The 42-year-old activist left a detention centre in the south of Moscow in the early hours of the morning and spoke briefly to journalists before leaving in a waiting car.
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“If anyone thinks that with arrests… they can scare or stop us, that is clearly not the case,” he said after thanking those who supported him.
Authorities have turned up the heat on Vladimir Putin’s top foe since the Russian president’s approval ratings took a beating over deeply unpopular pension reforms.
The Kremlin critic finished a 30-day sentence in September for organising a rally at the start of the year, but was arrested as soon as he was released to face further charges over another protest.
The latter demonstration, against the raising of the retirement age, was time to coincide with regional elections last month.
The Kremlin suffered rare defeats in those polls, with voters rejecting candidates from the ruling United Russia party in at least two regions.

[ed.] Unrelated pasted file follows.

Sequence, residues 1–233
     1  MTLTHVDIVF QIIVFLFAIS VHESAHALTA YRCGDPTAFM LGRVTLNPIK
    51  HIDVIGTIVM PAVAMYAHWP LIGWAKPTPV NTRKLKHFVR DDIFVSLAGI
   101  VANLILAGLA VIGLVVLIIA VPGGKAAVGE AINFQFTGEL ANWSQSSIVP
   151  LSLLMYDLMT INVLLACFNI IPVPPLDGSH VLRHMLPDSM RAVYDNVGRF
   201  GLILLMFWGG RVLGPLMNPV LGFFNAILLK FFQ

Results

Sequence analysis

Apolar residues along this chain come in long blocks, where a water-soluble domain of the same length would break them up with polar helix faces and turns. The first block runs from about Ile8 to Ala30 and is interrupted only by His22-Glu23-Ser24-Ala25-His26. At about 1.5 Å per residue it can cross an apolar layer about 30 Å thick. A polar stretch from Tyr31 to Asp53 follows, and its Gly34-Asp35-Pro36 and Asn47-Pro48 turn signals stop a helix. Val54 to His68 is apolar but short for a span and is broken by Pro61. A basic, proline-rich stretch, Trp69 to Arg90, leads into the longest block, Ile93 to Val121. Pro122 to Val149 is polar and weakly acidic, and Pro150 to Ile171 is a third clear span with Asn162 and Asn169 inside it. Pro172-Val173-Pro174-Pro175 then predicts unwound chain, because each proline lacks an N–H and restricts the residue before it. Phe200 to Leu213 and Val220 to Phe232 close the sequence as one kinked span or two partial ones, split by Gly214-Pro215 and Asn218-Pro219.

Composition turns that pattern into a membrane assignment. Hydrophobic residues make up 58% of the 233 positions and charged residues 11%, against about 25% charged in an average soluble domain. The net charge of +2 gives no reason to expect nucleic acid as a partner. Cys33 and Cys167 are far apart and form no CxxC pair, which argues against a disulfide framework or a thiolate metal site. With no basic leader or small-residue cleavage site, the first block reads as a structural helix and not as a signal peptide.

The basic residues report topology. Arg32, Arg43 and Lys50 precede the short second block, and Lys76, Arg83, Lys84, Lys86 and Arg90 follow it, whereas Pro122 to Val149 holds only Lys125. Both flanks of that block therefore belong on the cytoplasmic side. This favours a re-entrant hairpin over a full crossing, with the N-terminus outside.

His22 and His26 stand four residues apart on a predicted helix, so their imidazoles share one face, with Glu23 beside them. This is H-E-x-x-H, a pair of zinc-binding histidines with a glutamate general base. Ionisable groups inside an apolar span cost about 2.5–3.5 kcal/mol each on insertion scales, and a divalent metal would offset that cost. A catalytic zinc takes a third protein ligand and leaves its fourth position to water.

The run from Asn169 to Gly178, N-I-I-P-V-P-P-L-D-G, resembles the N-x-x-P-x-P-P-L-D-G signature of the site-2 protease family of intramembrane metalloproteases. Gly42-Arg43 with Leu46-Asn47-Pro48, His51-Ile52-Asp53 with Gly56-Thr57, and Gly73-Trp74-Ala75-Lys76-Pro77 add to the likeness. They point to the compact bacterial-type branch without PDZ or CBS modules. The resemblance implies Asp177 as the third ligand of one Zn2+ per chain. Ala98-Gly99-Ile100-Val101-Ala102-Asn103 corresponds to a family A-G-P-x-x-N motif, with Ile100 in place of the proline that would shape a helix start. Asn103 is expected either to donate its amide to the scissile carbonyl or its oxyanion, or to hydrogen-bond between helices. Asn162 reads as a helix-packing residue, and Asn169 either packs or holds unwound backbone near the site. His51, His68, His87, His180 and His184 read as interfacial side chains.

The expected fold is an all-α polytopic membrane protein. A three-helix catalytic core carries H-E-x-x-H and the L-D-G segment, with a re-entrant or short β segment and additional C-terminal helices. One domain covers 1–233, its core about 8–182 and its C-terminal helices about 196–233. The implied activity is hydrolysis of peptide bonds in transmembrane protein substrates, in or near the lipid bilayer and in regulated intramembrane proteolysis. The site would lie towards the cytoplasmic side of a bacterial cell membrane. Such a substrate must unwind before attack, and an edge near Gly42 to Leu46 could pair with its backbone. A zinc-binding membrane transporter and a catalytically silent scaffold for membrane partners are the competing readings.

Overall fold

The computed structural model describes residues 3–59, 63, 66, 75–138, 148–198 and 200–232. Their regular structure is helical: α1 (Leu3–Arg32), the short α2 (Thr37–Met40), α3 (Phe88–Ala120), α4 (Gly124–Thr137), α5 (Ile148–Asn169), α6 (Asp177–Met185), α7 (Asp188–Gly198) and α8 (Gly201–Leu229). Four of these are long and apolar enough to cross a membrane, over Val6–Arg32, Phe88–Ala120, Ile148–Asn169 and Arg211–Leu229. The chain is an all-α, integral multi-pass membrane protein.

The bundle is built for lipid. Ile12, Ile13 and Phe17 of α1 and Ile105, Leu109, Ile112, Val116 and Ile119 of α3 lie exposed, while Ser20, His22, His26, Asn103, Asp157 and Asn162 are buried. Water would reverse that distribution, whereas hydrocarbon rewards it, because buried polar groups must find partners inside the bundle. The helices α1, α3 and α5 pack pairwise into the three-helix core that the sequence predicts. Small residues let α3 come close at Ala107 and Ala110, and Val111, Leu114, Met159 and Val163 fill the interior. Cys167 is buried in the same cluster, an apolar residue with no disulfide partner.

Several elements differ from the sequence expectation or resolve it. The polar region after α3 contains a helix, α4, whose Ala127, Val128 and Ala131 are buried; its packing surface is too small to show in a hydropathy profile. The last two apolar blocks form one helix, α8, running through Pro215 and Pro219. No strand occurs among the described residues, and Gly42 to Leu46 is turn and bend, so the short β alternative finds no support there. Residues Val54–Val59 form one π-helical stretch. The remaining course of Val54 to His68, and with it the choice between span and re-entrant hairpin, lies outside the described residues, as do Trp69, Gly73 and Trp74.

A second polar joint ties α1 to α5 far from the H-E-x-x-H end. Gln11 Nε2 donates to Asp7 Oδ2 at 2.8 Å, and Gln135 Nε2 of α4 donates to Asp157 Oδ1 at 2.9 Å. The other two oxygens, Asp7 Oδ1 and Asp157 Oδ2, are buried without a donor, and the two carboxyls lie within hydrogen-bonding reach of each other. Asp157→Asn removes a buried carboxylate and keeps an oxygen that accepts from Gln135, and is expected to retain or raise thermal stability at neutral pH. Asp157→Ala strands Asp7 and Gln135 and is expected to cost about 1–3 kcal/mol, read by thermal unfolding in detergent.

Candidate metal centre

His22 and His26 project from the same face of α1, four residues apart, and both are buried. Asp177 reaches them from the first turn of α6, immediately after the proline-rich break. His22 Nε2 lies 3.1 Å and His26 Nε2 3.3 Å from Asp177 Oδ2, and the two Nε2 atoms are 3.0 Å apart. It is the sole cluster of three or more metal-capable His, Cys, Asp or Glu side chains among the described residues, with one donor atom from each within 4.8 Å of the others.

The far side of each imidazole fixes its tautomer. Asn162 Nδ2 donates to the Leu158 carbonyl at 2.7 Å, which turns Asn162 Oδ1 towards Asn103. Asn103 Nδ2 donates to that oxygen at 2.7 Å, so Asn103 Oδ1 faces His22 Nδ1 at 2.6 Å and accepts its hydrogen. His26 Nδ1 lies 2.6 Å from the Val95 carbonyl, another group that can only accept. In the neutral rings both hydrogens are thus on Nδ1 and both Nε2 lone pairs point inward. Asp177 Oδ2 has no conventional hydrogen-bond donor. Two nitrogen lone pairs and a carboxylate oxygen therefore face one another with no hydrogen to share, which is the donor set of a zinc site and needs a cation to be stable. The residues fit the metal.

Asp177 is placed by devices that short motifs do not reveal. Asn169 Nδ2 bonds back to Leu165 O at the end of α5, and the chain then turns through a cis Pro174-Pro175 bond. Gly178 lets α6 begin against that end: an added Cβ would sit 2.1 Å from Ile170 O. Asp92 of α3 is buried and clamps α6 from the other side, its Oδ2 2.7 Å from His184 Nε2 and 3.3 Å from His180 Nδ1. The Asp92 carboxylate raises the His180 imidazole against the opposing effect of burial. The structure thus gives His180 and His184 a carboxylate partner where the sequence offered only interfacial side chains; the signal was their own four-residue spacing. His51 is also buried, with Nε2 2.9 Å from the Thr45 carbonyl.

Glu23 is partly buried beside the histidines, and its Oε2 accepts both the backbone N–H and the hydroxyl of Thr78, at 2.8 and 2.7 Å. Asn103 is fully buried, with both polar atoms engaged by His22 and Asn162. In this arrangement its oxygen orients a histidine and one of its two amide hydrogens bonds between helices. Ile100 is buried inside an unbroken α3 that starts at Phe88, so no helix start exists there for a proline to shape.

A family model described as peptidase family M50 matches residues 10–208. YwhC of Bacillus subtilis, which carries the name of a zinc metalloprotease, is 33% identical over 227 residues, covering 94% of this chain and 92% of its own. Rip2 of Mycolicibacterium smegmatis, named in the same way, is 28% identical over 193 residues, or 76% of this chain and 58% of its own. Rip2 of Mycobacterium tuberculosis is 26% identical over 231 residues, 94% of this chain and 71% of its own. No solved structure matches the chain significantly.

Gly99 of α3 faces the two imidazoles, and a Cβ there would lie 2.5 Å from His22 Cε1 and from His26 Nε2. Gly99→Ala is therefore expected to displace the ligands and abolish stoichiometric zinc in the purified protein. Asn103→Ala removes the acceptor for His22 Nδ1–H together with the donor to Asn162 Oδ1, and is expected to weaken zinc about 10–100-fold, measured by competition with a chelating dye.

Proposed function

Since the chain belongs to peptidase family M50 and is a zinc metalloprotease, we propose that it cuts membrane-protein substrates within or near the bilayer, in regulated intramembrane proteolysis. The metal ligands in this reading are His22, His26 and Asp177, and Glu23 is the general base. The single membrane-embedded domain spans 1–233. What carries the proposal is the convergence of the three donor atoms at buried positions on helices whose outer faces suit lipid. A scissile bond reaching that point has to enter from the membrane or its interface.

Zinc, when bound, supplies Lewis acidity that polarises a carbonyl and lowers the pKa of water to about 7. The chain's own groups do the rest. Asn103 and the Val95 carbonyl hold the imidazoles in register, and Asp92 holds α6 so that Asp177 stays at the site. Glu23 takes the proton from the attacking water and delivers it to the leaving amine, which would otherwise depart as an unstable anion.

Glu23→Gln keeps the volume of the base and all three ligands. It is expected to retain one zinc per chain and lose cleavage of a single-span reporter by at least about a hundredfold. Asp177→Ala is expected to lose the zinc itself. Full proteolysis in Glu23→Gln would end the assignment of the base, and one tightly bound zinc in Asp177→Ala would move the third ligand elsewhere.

A run-off in the far eastern Primorsky Krai will be held again in two months after accusations of vote-rigging in favour of the Moscow-backed candidate led to protests.
Navalny ally Leonid Volkov said at the time of the latest arrest that the Kremlin had “to take it out on someone because of all their defeats and failures of the last weeks”.
Supporters fear that the two consecutive administrative cases mean the authorities may be getting ready to open a criminal probe against Navalny.
In that case he could face a lengthy prison term.
Amnesty International described Navalny as a prisoner of conscience and said he had committed no crime.
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